March 2020 Message

The Perfection of Imperfection
by Reverend Dean Koyama

To reveal, with reverence, the true realization: It is the wondrous state attained through Amida’s perfect benefiting of others; it is the ultimate fruition of supreme nirvana. It arises from the Vow of necessary attainment of nirvana, also known as the “Vow of realization of great Nirvana.”

When foolish beings possessed of blind passions, the multitudes caught in birth-and-death and defiled by evil karma, realize the mind and practice that Amida directs to them for their going forth, they immediately join the truly settled of the Mahayana. Because they dwell among the truly settled, they necessarily attain nirvana.
(Kyogyoshinsho, Chapter on True Realization)

The importance of Ohigan is to rededicate ourselves to the practices, which will lead us toward the ultimate goal of Enlightenment. The idea behind this is that during the spring and autumn equinox the day and night are perfectly equal. The temperature is moderate. So in other words, the conditions are perfect and ideal to practice. There can be no excuse not to practice. The practices usually associated with Ohigan are the 6 paramitas. By perfecting these six paramitas, (Dana-giving, Sila-right behavior (precepts), Ksanti-patience, Virya-effort, Dhyana-meditation, and Prajna-wisdom.) we would be able to cross over from the shore of delusion and ignorance (shigan) to the ultimate shore of enlightenment (higan).

What does it mean to be perfect? According to Webster’s Dictionary, perfection means, “being entirely without fault or defect (flawless), satisfying all requirements, and corresponding to an ideal standard or abstract concept.” It is an inherent wish for each one of us to attain a state of perfection. If it is in school, the ultimate state of perfection is the 4.0. But now, I’ve heard that there are some students with more than a 4.0 GPA who still can’t get into a University.

In sports the idea of perfection is exemplified in the Olympics. I am a big fan of the Olympic Games. I like to see the competition, the challenges of breaking the Olympic and World records. I like the events where it is obvious who wins. It is obvious who threw the javelin the farthest; who is the fastest in the 100 meters; who can run the longest, who can jump the highest; who wins a game by getting the most points. It’s easy to see who wins.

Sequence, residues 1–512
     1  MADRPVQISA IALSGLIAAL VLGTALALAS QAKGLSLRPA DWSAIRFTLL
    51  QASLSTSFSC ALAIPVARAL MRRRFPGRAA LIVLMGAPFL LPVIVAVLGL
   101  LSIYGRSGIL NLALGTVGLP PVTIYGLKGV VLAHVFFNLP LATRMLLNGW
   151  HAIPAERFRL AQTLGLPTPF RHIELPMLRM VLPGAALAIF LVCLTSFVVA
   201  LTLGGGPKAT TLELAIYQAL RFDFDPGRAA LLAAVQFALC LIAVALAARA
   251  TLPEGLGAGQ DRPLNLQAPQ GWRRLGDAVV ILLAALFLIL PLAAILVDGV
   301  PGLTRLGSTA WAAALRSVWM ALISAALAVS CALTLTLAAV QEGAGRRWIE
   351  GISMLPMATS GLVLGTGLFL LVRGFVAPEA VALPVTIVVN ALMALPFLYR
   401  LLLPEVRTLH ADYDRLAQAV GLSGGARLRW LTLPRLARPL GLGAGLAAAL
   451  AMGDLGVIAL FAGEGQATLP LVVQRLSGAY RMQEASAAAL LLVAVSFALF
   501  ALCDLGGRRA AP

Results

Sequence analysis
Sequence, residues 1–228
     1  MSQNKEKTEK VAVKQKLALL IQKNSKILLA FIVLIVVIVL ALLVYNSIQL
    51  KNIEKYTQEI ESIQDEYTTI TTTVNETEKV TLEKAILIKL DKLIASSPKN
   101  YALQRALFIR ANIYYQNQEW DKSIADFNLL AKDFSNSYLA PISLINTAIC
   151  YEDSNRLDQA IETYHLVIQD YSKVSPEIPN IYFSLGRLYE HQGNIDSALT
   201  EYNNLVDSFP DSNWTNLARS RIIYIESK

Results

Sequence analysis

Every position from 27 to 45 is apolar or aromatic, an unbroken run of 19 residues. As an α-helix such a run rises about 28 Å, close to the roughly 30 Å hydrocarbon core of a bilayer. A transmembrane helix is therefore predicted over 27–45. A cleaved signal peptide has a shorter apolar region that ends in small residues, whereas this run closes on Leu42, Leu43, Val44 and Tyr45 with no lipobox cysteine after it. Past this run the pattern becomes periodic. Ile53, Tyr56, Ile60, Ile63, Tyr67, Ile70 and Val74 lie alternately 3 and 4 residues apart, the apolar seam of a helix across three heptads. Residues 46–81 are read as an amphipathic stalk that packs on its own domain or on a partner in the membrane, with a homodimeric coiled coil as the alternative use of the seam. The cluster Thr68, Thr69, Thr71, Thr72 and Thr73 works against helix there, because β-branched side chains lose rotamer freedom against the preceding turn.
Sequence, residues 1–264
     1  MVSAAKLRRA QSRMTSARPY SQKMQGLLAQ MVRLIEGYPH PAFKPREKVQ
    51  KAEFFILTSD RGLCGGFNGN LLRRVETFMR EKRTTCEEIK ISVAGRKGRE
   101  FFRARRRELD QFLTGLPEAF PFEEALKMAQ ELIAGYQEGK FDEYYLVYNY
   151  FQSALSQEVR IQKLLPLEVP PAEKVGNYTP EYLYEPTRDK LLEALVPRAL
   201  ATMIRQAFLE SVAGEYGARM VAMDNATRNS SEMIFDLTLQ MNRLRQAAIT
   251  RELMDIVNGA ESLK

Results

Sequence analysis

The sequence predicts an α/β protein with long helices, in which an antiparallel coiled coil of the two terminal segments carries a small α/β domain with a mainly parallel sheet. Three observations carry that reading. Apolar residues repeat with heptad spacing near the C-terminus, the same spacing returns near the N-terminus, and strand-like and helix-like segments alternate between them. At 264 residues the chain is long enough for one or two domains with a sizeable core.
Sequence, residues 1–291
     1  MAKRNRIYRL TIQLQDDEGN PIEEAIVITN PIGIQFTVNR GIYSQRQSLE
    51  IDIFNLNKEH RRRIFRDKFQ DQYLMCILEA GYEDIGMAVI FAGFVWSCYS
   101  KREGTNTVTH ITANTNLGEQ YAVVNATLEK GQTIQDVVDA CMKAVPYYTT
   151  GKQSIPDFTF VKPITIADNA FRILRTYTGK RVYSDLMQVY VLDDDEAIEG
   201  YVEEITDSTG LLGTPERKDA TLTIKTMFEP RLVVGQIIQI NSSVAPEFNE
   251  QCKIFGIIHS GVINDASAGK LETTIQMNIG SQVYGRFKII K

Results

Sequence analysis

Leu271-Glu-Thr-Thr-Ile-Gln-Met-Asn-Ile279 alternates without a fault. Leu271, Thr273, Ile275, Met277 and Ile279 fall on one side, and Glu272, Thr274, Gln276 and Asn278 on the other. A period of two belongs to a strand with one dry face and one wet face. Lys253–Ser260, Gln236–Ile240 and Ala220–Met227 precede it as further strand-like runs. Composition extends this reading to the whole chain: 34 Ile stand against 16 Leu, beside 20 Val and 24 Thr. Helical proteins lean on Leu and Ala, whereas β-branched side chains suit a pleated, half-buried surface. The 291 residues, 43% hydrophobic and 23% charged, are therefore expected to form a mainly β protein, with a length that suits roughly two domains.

In some cases, the idea of perfection is subject to a panel of judges. Recently, at the NBA All Star Slam Dunk contest, there was an exciting battle of competition between the two finalists, Aaron Gordon of the Orlando Magic and Derrick Jones Jr. of the Miami Heat. In the finals both had perfect scores resulting in a two dunk overtime round. Both scored a perfect score of 50. In the final dunk of the night Derrick Jones received a 48 from the judges. Aaron Gordon chose to do a much more difficult attempt by jumping over the 7- foot 5-inch Boston Celtics center, Tacko Fall. After just brushing over Fall’s head, the judges gave Gordon only a 47 that was met with the disapproval of the judges by many who witnessed this amazing competition for the Slam Dunk Champion.

In Buddhism, the idea of perfection has been associated with the goal of achieving Nirvana. When this is attained the common thought is that one will be in perfect bliss, one will have perfect knowledge, one will be perfect in wisdom and compassion. And so we have come to equate the state of Nirvana, as being totally flawless. As a result, this ideal state of Enlightenment will be forever distanced away from us, if we remain unenlightened.

In Reverend Gyomay Kubose’s book, The Center Within, he recalls a time when he went to view an ikebana flower arrangement show by a local instructor. He was overwhelmed with the beauty and mastery of her craft, but one particular display caught his eye. He writes: